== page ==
Hendrick Motorsports Renewing AARP, MAC Tools Rockets-Thunder Leads Weekend Ratings Sources: Marlins Using Jeter To Elicit Interest In Team Braves' First SunTrust Park Homestand Goes Smoothly USA Swimming's Chuck Wielgus Dies NFL Draft In Philly Requires Extensive Set Up MLB Stars Appear In New Sheraton Campaign NBC's Lead NHL Team Earning Kudos Tobacco Still Being Used In Some MLB Clubhouses Sabres Have No Timetable To Hire New Leadership
SBD/January 19, 2011/Events and AttractionsPrint All
NFL VP/Communications Brian McCarthy yesterday said Cowboys season-ticket holders who purchase tickets to the party plaza outside Cowboys Stadium for Super Bowl XLV will be "counted toward attendance" for the game, according to Alfano & Ahles of the FT. WORTH STAR-TELEGRAM. The capacity inside the stadium is “likely to be more than 93,000,” meaning the Cowboys “would have to sell about 12,000 plaza tickets to break" the Super Bowl record of 103,985 set at the Rose Bowl in '80. The Cowboys are “making the plaza tickets available to club-seat season ticket holders for $200 per ticket, but they must be bought in a package of four.” McCarthy “would not speculate on the plaza's capacity,” but said "several thousand tickets" would be sold. Club-seat ticket holders have until tomorrow to buy tickets. If any party plaza tickets are “leftover, they would be made available to the remainder of season-ticket holders.” There are “no plans to make the plaza tickets available to the general public.” Party plaza ticket holders “will get one free parking pass, four commemorative programs and scarves, and be able to purchase food and drink.” McCarthy last week said that there will be a “separate entrance for those fans and that they will be subject to the same security procedures as those who will be inside the stadium” (FT. WORTH STAR-TELEGRAM, 1/19).
The Bob Hope Classic teed off today in La Quinta, Calif., but the PGA Tour event is "playing second fiddle to the European Tour's Abu Dhabi Championship, the week's big-boy gathering that will draw six of the world's top 10 players," including Phil Mickelson and Lee Westwood, according to Mick Elliott of FANHOUSE.com. The Bob Hope Classic, a five-round Pro-Am event, "has six of the top 50" ranked golfers. There was a "time that the Hope was a must-play during the West Coast Swing," but players "simply do not like five rounds that (because of amateur partners) last six hours in historically foul weather." There also is the "Abu Dhabi appearance money," and "for a third straight year the Hope is being played without a title sponsor" (FANHOUSE.com, 1/18). ESPN.com's Jason Sobel noted golf's "big names" like Mickelson, Westwood, Martin Kaymer and Graeme McDowell all are making their season debuts this week at the Abu Dhabi Championship. Not to "take anything away" from the golfers playing the Hope, but "it will begin to feel even more like golf season with the headliners finally making headlines once again" (ESPN.com, 1/16). The Sports Xchange's Tom LaMarre in a special to FOXSPORTS.com wrote under the header, "Some Classics Becoming Hope-less." The event that "starts the California portion of the PGA Tour has struggled to draw the best names in golf since famed entertainer and tournament host Bob Hope died in 2003" (FOXSPORTS.com, 1/17). In California, Jim Alexander writes the Hope appears to be "reasonably healthy." But when the golfers "who move the needle on both the golf side and the entertainment side aren't here, the perception of creeping irrelevancy is hard to shake" (Riverside PRESS-ENTERPRISE, 1/19).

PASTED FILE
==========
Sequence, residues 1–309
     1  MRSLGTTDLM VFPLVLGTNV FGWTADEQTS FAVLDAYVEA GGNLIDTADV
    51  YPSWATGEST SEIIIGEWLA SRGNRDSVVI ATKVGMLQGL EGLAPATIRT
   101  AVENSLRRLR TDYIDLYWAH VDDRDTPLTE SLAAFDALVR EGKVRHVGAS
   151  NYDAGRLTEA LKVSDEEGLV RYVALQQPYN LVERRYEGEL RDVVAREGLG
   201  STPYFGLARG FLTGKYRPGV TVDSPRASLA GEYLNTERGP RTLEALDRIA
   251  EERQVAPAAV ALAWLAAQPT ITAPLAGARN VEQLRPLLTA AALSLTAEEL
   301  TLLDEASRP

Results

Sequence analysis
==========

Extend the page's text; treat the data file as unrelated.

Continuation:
NOT ALL IS LOST: GOLFWEEK's Sean Martin wrote the Hope's "days of attracting headliners may be over, but things at least are looking up." Seven of the top 20 earners on last year's PGA Tour money list are playing in this week's event, including Matt Kuchar, the "first player in five years to play the Hope after finishing in the top five of the previous year’s money list." The improvements in the field would "seem to bode well for 'designated events,' the PGA Tour policy designed to help weaker events get top players in their fields." Instead of "becoming mandatory, the event was made voluntary at the end of last year." But while the "top players in the Hope field should be commended for their continued support of this event, 'designated events' asked players to enter an event that they hadn’t played recently." Martin noted "all seven of the top-20 money winners in the Hope field played last year." Still, more players who "first came to the Hope as fresh-faced youngsters have remained loyal to the event, even as they’ve ascended pro golf’s hierarchy," and that "bodes well for the event" (GOLFWEEK.com, 1/18). Golfer Stewart Cink said, "One thing I wish people would do is focus on who is here instead of who is not here. There’s a lot of players out there that we don’t know their names and there’s players that I don’t know who they are that can play really good golf and hit tremendous shots and that we’ll know who they are one day we just don’t know yet" (Palm Springs DESERT SUN, 1/19).
WHERE LIES THE RESPONSIBILITY? YAHOO SPORTS' Jay Busbee wrote the PGA Tour has "rested on its rep for far too long, and it's not only the players' job to rep the tour, it's the tour's job to attract the players." However, Mickelson should "throw some love to the tour that's served him well for all these years." Busbee: "His presence would do wonders for the Hope; shouldn't he be strongly encouraged to play at home?" But YAHOO SPORTS' Shane Bacon wrote it is not Mickelson's "job to carry the tour, as much as it has served him, and Phil playing overseas just shows the beauty of this game." Bacon: "Sure, he's going for money, but he's also taking the PGA Tour on the road with him in a sense. If Phil wins, or plays decent, he's being a solid ambassador for American golf" (SPORTS.YAHOO.com, 1/18).